Summary Query

    • StdDev: The StDev() function is used to calculate the standard deviation of all numeric values of a group. If there is no value or the same value in the considered group, this function returns NULL. This means that there should be at least two different values in the group. Here is an example:
       

      Summary Query

      SELECT TimeKeepers.EmployeeNumber,
      StDev(TimeKeepers.TimeWorked) AS StDevOfTimeWorked
      FROM TimeKeepers
      GROUP BY TimeKeepers.EmployeeNumber;
      

      Summary Query

      The standard deviation of the values of the category would be calculated using the StdDev() function

    • Var: The Var() function calculates the statistical variance of all numeric values of a group. If there is no value or the same value in the considered group, this function returns NULL. Here is an example:
      SELECT TimeKeepers.EmployeeNumber,
      Var(TimeKeepers.TimeWorked) AS VarOfTimeWorked
      FROM TimeKeepers
      GROUP BY TimeKeepers.EmployeeNumber;
      

      Summary Query

      The statistical variance of the values in the category would be calculated

  • Expression: Consider the following query that we saw earlier:
     

    Summary Query
     

    Imagine that you want to get the percentage of occurrences of each gender. To get such a value, you can write an expression such as (Count(Gender) / 164) * 100. If you want to do this in a summary query, you can specify the Total type as Expression. Here is an example:  
     

    Summary Query

    SELECT Students.Gender,
    Count(Students.Gender) AS CountOfGender,
    (Count([Gender])/164)*100 AS Percentage
    FROM Students
    GROUP BY Students.Gender;

    Summary Query

  • Where: Notice that the above query has an empty (or null) record. This makes that record quite useless for the query. We know that you can set a condition in the Criteria box of the column used as the reference, which in this case would be Gender. Instead of using the referential column, you can add the same column one more time, set its Total to Where and, in its Criteria box, enter a WHERE type of statement. Also, this additional column should not be shown. This means that, if creating the query visually, you must clear its Show check box. Here is an example:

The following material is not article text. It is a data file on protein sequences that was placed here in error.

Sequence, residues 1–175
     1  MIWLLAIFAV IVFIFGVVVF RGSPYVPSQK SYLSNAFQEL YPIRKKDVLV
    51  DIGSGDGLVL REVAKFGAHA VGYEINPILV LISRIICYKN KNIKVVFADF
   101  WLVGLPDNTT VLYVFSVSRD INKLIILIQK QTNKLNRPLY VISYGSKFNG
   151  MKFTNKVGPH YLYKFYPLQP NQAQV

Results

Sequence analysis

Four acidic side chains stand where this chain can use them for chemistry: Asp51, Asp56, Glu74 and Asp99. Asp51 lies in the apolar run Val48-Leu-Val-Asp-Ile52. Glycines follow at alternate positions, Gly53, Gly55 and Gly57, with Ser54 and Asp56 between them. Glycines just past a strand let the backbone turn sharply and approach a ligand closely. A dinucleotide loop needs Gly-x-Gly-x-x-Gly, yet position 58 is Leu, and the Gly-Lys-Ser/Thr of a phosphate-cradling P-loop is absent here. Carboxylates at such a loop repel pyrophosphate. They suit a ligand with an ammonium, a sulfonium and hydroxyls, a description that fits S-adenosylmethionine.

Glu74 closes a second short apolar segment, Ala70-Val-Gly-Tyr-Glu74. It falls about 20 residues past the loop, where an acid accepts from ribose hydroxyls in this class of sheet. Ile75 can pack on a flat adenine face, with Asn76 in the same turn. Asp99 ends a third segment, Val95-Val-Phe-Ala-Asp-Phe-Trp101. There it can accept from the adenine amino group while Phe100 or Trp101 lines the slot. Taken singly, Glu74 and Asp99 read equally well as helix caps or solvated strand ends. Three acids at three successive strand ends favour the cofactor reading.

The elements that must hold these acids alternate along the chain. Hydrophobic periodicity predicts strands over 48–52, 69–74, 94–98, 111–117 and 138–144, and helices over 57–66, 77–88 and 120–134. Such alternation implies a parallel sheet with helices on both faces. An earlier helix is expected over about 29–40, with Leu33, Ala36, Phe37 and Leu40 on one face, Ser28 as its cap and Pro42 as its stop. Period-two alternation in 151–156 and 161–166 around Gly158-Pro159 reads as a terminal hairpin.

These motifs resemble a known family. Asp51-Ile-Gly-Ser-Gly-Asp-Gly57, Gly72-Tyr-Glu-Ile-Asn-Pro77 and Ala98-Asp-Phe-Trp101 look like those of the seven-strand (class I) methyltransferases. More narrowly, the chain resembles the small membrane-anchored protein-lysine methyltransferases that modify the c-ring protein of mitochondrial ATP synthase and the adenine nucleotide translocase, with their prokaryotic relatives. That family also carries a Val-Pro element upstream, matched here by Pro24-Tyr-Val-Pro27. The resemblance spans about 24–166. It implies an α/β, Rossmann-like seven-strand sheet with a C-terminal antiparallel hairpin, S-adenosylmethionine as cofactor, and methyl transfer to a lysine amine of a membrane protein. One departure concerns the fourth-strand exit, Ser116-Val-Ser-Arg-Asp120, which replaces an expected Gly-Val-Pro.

Summary Query

    If you are writing a SQL statement for the query, you must not list this additional column in the SELECT expression:
    SELECT Students.Gender,
           Count(Students.Gender) AS CountOfGender,
           (Count([Gender])/164)*100 AS Percentage
    FROM Students
    WHERE (((Students.Gender) Is Not Null))
    GROUP BY Students.Gender;

    This would produce:

    Summary Query

Practical Learning: Summarizing

  1. In the bottom section of the window, change the header of the second column to Qty: Category
  2. Click its Total combo box and select Count
  3. Change the header of the third column to Total Spent: Purchase Price
  4. Click its Total combo box and select Sum
  5. Change the header of the fourth column to Average: Purchase Price
  6. Click its Total combo box and select Avg
     
    Query
  7. Right-click the query and click SQL View
    SELECT 	[Company Assets].[Asset Type], 
    	Count([Company Assets].[Asset Type]) AS Qty, 
    	Sum([Company Assets].[Purchase Price]) AS [Total Spent], 
    	Avg([Company Assets].[Purchase Price]) AS Average
    FROM [Company Assets]
    GROUP BY [Company Assets].[Asset Type];
  8. Right-click the title bar and click Datasheet View
     
    Query
  9. Close the query
  10. When asked whether you want to save, click No
  11. Open the Altair Realtors2 database
  12. On the Ribbon, click Create
  13. In the Queries section, click Query Design
  14. In the Show Tables dialog box, double-click Properties and click Close
  15. On the Ribbon, click the Totals button Totals
  16. In the list of fields, double-click Property Type, Market Value, Market Value, and Property Type
  17. In the bottom section of the window, change the header of the second column to Cheapest: Market Value
  18. Click its Total combo box and select Min
  19. Change the header of the third column to Most Expensive: Market Value
  20. Click its Total combo box and select Max
  21. For the fourth column, set its Total to Where (clear its Show check box if necessary)
  22. Set its Criteria to Is Not Null and press Enter
     
    Summary
  23. Right-click the query and click SQL View
    SELECT 	Properties1.[Property Type], 
    	Min(Properties1.[Market Value]) AS Cheapest, 
    	Max(Properties1.[Market Value]) AS [Most Expensive]
    FROM 	Properties1
    WHERE 	(((Properties1.[Property Type]) Is Not Null))
    	GROUP BY Properties1.[Property Type];
  24. Right-click the title bar and click Datasheet View
     
    Summary
  25. Close the query
  26. When asked whether you want to save, click No